Mother’s Day is on the quite long list of holidays I would just as soon ignore.
I’ve written previously about my ambivalence toward Christmas, but actually I don’t like most holidays and celebrations including birthdays. Sometimes my poor attitude is because I don’t like attention focused on me. That made planning our wedding difficult. And it made baby showers awkward. And that makes Mother’s Day a holiday I would just as soon ignore.
Another part of my unease is the semi compulsory nature of these days. I really don’t like being told by society when and what I ought to do and feel. I simply don’t trust what “they” tell me to do or not to do. They told me that women could not be veterinarians. They also made me take home economics rather than shop. I’m still miffed about that. And what was that silly six person basketball the girls had to play in gym class? Why couldn’t we play real basketball? I guess I should be glad they let the girls have gym class. Cranky as it sounds, I don’t like being told by society what days I should be happy, or grateful, or patriotic. Life would be easier for my family if I could be happy and celebratory on the appropriate days.
It is easy for holidays like Mother’s Day to slip into a shallow, sappy sentimentality. To say what ought to be said to my mother or to my sons is important and tender and can’t be summoned by the dictates of the calendar. At some level Mother’s Day always seems a little forced to me. That probably says more about me and my issues than it does about the holiday, but there it is.
There are other problems with Mother’s Day. The iconic images of motherhood we portray every Mother’s Day can be very painful for many women. For some women our relationships with our mothers or our children are sometimes painful or even non existent. So in a good hearted attempt to be sensitive to these situations and not to exclude, we have expanded the scope of Mother’s Day to include women who do any sort of mother-like things.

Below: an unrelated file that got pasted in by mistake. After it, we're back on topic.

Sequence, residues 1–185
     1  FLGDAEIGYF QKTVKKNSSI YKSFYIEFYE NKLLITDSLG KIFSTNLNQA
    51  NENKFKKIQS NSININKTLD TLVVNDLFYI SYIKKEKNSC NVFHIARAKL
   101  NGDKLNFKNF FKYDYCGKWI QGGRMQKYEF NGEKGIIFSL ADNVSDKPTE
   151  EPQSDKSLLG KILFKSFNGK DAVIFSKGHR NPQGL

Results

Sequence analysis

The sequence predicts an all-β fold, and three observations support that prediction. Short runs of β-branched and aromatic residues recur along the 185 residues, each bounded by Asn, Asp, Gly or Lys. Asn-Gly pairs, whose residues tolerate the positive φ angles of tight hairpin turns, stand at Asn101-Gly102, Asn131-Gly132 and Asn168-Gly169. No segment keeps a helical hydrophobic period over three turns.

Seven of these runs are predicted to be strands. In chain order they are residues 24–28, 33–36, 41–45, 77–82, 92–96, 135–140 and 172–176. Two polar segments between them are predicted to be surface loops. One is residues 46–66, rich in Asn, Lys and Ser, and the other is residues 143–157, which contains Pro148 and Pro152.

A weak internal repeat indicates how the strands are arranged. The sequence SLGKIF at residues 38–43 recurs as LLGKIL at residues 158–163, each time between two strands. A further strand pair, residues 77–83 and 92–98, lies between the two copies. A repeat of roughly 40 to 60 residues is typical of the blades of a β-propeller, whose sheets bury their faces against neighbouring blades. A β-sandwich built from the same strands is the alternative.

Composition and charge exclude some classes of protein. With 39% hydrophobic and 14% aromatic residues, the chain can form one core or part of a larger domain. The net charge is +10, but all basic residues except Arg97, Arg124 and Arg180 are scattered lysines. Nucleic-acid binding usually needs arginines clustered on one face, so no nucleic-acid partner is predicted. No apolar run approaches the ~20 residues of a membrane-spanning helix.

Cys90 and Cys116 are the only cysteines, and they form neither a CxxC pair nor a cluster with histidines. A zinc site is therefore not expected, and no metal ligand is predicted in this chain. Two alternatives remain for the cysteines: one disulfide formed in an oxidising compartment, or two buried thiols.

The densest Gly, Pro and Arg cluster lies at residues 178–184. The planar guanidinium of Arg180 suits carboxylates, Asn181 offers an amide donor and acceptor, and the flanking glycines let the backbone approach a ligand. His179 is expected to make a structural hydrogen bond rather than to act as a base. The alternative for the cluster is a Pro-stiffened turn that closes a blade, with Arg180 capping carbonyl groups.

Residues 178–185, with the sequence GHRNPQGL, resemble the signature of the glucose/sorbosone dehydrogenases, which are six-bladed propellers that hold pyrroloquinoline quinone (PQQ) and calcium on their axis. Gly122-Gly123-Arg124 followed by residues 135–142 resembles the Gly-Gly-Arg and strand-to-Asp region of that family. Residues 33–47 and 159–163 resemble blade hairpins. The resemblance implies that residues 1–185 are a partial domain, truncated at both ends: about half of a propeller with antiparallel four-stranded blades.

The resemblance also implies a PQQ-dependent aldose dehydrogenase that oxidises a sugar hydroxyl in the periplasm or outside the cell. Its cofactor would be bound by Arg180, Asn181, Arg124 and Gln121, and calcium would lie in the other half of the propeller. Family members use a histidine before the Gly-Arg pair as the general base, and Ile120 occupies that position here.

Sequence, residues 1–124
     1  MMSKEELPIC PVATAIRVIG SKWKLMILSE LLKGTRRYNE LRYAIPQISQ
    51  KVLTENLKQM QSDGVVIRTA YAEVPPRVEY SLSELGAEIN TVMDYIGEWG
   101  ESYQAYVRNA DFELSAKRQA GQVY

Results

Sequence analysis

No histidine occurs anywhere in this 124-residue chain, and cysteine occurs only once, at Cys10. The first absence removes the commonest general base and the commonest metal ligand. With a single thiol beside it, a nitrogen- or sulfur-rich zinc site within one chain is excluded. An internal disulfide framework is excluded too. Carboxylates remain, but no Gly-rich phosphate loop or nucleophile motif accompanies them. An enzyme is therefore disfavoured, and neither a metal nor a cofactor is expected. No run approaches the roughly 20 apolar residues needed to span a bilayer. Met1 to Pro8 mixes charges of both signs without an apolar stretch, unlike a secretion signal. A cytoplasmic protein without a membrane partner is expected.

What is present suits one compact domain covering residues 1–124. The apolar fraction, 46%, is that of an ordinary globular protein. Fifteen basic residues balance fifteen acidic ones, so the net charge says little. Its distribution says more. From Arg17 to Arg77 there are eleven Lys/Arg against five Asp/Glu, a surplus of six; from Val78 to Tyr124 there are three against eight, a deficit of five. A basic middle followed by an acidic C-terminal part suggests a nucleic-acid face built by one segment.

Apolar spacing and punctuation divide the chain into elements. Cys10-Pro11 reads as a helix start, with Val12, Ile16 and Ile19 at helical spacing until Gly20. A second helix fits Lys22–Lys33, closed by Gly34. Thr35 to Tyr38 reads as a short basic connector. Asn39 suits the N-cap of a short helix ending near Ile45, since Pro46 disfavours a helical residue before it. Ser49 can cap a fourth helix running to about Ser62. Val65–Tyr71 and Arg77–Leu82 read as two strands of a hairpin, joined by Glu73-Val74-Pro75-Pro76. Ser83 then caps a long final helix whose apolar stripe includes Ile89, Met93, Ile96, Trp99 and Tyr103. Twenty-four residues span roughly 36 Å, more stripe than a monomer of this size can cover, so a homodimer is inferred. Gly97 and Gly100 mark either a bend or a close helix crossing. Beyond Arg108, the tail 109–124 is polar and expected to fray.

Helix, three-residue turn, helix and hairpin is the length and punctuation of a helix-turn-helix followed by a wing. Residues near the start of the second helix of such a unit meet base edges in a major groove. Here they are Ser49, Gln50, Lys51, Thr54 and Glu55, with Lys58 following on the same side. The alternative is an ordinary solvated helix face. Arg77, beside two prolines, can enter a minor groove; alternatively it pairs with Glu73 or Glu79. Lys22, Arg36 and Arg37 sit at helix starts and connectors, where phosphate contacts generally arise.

This approach has it’s own set of problems. It conflates being a mother and being a woman. I know only women can be mothers. But not all women are mothers or even motherly. And mothering gets conflated with any sort of caring for another that any woman does. We assume, at least for the day, that there is complete congruence between being a woman and being a mother. And of course there isn’t.
For a lot of Mother’s Days I was not a mother and the attempts to include me in the festivities always felt awkward to me. The carnation I got at church on Mother’s Day felt a little like the participation trophies that my kid’s received from their soccer team.
Because of that I am very glad that the last couple of churches I have attended ignored Mother’s Day. That is quite appropriate, I think. The purpose of worship is, the worship of God. It is not the glorification or sentimentalization of mothers, or fathers, or veterans or the USA or any other person or thing that is not God. All those things may have their place in society but worship is not that place.
Personally, I think it might be better if each family picked its own particular day and way to celebrate Mother’s Day. Then we could pick a day that is meaningful for the family. It would make the commercialization and commodification of motherhood more difficult. (Although I’m sure capitalism is up to the challenge.) And those of us who wanted or needed to ignore the day, could.
Perhaps even better might be something we might call “Relationship Day” where we celebrate and honor the myriad of relationships that nourish us and have helped us and sustained us.
This Mother’s Day I have written two posts about this day. For a less cranky view of Mother’s Day, see here.